The first world war ushered in the 20th Century with carnage and barbarism on an industrial scale. The brutality, devastation and sheer insanity of the conflict make it the ideal backdrop to a tale of horror and suspense.
Still from ‘Trench 11’
Leo Scherman’s latest film Trench 11 uses the real-life horrors of the conflict as a springboard from which to launch into a tale of claustrophobia, dread and the fight for survival. Vampire Squid caught up with Scherman to talk about his vision for the project.
Tom: Trench 11’s World War 1 setting is a pretty horrific backdrop to the horrors of the film’s events. What was it about this conflict that drew you to set the movie at this time?
Leo: Few environments in history were as terrifying and hellish as the battlefields of WW1. So many of the weapons were state-of-the-art and must have felt sci-fi to the lowly soldiers who didn’t know any better – hand-held machine guns, alien looking troops clad in gas masks, clouds of poison gas, storms of artillery shells… It’s an apocalyptic, almost surreal, world that’s always struck me as a unique setting for a horror film.
Still from ‘Trench 11’
Tom: The film features some stellar practical effects sequences, were there any that presented a particular challenge to shoot?
Leo: The parasitic worms were a big challenge. I prefer the look and feel of practical FX and was determined to do them in-camera. I needed to find the right FX artist who could deliver what I was after. So I approached Francois Dagenais – he’s just incredible, one of the finest in the world in my opinion. Francois shared my passion for doing the effects practically and had some ideas on how we could achieve what we were after. We did some tests that were pretty wild and then Francois and his team continued to refine the effects up until delivering the awesomeness you see on screen.
Behind the Scenes: Scherman talks with actor (Winnipeg Free Press)
Tom: Any horror fan will notice the influences of films like The Keep and The Thing in Trench 11’s look, feel and score. How important were these films to Trench 11 and are there any other film influences that were particularly significant?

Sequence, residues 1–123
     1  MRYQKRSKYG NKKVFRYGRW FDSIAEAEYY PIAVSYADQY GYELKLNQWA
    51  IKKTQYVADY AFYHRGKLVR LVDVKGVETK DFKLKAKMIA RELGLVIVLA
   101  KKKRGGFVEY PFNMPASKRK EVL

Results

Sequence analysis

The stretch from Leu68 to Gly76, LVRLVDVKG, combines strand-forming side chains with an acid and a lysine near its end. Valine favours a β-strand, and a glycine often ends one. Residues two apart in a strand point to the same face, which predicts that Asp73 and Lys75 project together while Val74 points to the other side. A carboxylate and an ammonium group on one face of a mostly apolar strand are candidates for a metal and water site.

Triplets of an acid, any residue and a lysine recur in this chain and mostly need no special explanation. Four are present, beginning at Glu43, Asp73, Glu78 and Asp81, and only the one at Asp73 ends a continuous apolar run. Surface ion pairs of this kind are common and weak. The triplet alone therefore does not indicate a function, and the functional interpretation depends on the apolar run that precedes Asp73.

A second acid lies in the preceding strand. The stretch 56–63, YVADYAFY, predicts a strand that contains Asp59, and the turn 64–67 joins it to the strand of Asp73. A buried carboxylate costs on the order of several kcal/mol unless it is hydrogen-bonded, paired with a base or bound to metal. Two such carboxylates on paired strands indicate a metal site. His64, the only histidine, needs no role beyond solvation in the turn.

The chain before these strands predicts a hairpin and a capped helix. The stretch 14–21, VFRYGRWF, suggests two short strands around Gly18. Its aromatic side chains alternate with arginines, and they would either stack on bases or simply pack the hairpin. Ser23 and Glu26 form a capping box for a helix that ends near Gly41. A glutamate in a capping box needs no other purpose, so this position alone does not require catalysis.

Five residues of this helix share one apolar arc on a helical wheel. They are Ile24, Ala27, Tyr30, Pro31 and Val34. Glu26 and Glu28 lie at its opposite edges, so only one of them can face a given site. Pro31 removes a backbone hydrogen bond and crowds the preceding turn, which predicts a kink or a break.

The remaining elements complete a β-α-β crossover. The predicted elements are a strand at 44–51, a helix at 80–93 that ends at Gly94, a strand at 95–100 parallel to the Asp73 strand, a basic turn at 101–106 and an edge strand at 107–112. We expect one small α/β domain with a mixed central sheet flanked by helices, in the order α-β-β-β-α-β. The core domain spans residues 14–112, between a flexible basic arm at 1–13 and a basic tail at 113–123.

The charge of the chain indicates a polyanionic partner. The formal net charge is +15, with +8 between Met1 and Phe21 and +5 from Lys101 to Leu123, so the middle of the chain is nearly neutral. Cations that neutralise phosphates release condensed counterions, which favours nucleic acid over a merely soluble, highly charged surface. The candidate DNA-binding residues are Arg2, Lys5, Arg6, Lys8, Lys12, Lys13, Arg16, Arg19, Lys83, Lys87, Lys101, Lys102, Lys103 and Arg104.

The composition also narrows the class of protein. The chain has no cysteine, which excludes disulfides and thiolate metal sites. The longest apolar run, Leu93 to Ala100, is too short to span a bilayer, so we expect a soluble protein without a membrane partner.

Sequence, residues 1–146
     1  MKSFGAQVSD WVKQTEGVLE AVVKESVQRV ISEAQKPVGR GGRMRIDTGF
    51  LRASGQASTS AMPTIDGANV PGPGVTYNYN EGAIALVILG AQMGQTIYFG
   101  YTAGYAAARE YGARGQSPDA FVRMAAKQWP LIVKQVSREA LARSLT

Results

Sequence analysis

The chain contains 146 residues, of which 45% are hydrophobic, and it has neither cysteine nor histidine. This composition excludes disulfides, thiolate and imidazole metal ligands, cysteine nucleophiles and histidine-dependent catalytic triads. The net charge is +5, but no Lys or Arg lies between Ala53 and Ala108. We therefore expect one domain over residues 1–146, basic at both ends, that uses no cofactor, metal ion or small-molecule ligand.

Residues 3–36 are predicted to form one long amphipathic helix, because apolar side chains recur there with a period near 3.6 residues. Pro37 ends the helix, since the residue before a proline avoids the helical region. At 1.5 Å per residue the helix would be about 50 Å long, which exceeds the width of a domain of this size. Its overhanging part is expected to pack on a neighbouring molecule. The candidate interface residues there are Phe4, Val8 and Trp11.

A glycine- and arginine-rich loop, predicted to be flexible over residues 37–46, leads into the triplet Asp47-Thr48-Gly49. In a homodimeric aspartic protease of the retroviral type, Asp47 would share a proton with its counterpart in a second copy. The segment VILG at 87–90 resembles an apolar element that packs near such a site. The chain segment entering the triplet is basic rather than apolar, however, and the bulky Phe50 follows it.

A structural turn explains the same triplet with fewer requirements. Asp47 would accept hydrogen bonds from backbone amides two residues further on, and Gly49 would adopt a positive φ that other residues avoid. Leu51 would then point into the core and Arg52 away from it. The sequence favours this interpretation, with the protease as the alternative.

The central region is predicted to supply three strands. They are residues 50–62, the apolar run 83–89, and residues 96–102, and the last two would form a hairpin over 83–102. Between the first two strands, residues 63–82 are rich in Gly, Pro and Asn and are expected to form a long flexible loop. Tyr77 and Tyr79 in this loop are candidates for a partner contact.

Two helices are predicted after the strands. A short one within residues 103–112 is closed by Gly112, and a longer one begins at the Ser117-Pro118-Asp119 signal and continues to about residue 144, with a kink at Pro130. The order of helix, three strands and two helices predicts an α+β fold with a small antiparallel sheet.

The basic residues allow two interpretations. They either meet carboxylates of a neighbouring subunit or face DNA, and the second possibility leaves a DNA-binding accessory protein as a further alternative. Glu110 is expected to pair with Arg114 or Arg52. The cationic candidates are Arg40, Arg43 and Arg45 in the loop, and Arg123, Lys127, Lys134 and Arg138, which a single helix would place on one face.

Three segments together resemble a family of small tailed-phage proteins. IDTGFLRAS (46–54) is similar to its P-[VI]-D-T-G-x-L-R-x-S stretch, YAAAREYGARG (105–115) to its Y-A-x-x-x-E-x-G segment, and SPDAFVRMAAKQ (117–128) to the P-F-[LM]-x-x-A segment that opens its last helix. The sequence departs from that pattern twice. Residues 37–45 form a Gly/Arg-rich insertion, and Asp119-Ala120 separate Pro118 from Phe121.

Leo: The Keep and The Thing were both major influences indeed. With The Keep, there were two specific elements that I was interested in: the war/horror mashup and the score by Tangerine Dream.
In the case of The Thing, I think the references are more broad – everything from the narrative structure to the practical FX to the score. Carpenter’s film is a masterpiece.
I would say that William Friedkin is also an influence in terms of his approach to genre. He treats the material seriously and intelligently and tries to create a realistic and gritty world even if the material is fantasy-based, as in The Exorcist.
Behind the Scenes: Shooting scenes in Winnipeg (Winnipeg Free Press)
Tom: The film leaves viewers with an overwhelming sense of claustrophobia and disorientation as the soldiers venture deeper into the underground complex. How central were these effects to the tone of the film and how did you go about enhancing them?
Leo: The claustrophobia and disorientation were absolutely essential elements. When my co-writer Matt Booi and I were developing the story this was key. Imagine what a soldier entering an underground base during WW1 would have experienced. It would have been a totally foreign environment – especially when entering the enemy’s base. Being almost 100 feet underground in a wood-lined tunnel system must have been terrifying – it’s dark, it’s hot, it’s tight and you have no idea what’s waiting for you around the corner.